Understanding Intimidation

Murphy, John (2014) Understanding Intimidation. Modern Law Review, 77 (1). pp. 33-59. ISSN 0026-7961

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Abstract

This article examines the gist, vitality and practical utility of the tort of intimidation and identifies what count as unlawful threats and as actionable harm. While two versions of the tort have been identified in the past – one involving two parties, one involving three – only the former has survived the decision of the House of Lords in OBG v Allan. In the context considering the tort's practical usefulness, the article exposes as bogus the suggestion that two‐party intimidation offers nothing that is not already supplied under the law of contract via the doctrines of anticipatory breach, duress and economic duress. The article concludes with two radical suggestions. First, that two‐party intimidation is not a specifically economic tort and secondly, in view of this fact, it was a most inappropriate tool for the House of Lords to have used in their resurrection of the tort of unlawful means conspiracy in Total Network SL v Revenue and Customs Commissioners.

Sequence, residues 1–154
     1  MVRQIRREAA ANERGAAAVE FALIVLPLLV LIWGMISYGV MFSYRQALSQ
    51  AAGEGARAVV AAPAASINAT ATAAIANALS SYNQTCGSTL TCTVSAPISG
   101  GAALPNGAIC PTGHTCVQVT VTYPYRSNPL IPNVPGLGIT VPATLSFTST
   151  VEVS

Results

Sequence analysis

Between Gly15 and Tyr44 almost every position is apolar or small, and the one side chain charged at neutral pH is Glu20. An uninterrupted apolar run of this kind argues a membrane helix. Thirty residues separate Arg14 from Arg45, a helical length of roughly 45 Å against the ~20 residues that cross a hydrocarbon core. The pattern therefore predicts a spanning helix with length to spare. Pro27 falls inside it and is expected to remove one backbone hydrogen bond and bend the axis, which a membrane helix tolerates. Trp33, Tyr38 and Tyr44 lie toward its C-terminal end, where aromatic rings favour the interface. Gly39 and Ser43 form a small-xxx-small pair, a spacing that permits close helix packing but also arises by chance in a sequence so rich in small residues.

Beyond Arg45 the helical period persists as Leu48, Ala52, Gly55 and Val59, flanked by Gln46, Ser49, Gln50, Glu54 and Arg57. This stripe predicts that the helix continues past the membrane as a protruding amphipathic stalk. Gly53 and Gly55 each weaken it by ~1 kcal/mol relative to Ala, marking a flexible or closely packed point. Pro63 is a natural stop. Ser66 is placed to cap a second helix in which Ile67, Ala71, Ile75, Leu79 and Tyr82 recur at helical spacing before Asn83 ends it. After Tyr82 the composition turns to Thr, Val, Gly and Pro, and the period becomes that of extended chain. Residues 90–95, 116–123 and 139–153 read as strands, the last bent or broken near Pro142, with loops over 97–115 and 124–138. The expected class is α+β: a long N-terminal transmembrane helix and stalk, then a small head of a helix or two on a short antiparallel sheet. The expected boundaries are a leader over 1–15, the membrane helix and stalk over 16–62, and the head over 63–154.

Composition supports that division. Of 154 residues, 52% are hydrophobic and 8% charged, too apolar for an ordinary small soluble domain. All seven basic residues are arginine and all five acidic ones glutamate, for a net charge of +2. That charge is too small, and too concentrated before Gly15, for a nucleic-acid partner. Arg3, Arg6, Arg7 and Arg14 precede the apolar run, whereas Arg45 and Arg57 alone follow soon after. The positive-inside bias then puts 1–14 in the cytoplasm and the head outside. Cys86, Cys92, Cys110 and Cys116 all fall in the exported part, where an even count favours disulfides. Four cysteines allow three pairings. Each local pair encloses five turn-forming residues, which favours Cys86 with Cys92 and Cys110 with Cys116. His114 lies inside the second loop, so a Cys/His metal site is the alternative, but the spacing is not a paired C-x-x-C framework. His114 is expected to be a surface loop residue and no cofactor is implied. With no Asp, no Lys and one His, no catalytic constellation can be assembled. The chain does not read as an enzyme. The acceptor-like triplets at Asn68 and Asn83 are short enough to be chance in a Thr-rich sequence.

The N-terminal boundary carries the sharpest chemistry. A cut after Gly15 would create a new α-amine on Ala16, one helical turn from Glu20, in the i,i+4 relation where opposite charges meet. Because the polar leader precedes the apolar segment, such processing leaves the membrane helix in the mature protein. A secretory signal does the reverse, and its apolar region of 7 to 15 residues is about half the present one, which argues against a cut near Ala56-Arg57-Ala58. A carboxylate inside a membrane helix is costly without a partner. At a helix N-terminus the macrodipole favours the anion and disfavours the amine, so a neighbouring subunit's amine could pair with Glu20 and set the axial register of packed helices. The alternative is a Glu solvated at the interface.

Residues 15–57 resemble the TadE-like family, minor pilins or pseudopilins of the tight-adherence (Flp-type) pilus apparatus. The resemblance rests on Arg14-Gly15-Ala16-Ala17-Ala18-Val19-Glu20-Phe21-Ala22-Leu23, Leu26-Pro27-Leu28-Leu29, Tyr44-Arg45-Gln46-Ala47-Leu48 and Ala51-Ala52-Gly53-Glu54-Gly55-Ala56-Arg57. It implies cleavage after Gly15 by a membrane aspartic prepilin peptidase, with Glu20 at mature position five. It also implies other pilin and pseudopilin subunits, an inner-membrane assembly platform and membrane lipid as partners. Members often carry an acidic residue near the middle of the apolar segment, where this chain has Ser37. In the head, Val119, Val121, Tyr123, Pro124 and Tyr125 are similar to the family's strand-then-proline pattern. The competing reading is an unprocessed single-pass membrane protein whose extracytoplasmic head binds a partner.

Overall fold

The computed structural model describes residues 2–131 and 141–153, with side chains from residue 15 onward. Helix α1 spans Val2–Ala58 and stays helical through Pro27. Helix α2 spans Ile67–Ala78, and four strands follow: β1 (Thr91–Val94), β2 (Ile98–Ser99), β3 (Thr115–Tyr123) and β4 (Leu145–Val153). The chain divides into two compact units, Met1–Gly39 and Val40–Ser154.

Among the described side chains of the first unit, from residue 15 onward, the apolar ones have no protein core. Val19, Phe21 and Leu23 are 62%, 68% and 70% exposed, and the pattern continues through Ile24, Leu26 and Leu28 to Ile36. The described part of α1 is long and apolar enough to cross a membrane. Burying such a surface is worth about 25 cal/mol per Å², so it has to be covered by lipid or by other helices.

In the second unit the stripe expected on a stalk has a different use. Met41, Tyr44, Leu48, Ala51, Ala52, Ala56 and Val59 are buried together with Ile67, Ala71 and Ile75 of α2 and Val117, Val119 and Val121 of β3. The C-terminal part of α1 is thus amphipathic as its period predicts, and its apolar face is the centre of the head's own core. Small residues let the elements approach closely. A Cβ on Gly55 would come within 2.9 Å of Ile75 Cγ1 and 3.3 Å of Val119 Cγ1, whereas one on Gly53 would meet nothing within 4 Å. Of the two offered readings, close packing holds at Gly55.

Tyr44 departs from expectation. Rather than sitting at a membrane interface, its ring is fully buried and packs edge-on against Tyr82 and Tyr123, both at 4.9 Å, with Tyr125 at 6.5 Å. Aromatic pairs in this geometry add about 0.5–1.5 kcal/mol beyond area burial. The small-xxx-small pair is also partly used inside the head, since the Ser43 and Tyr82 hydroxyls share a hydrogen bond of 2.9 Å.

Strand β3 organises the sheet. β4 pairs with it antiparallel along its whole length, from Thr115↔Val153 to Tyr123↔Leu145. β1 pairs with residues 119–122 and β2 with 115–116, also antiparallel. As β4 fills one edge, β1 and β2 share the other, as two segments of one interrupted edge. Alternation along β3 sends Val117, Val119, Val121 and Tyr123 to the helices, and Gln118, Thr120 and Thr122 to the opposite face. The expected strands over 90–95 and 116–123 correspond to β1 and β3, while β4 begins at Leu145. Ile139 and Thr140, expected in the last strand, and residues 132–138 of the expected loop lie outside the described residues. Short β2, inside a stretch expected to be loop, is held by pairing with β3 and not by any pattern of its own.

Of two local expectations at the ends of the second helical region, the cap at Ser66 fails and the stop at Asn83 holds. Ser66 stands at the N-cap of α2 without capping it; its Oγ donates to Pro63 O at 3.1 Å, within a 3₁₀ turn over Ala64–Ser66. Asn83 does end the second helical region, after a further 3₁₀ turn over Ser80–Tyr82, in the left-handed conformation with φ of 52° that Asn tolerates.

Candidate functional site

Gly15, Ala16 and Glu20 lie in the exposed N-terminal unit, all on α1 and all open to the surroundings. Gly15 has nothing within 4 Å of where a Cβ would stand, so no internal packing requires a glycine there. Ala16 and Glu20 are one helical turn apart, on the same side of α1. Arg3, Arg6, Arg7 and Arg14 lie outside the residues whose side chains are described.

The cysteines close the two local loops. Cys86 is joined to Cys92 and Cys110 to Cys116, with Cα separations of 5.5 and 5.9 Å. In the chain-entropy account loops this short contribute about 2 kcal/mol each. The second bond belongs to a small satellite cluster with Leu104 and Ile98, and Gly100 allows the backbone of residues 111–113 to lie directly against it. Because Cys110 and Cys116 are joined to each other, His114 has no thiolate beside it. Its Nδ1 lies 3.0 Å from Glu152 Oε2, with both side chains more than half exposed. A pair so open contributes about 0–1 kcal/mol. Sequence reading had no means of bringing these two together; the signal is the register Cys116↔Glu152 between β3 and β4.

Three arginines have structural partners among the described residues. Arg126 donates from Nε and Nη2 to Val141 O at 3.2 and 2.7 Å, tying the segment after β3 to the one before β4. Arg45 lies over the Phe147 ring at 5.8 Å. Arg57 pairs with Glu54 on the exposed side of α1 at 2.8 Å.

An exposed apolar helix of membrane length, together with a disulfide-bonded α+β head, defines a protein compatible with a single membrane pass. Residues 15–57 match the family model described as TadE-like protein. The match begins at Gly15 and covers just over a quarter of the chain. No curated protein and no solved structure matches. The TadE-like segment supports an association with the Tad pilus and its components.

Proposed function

Item Type:
Journal Article
Journal or Publication Title:
Modern Law Review
Uncontrolled Keywords:
/dk/atira/pure/subjectarea/asjc/2700
Subjects:
ID Code:
73402
Deposited By:
Deposited On:
18 Jun 2015 05:37
Refereed?:
Yes
Published?:
Published
Last Modified:
15 Jan 2020 07:49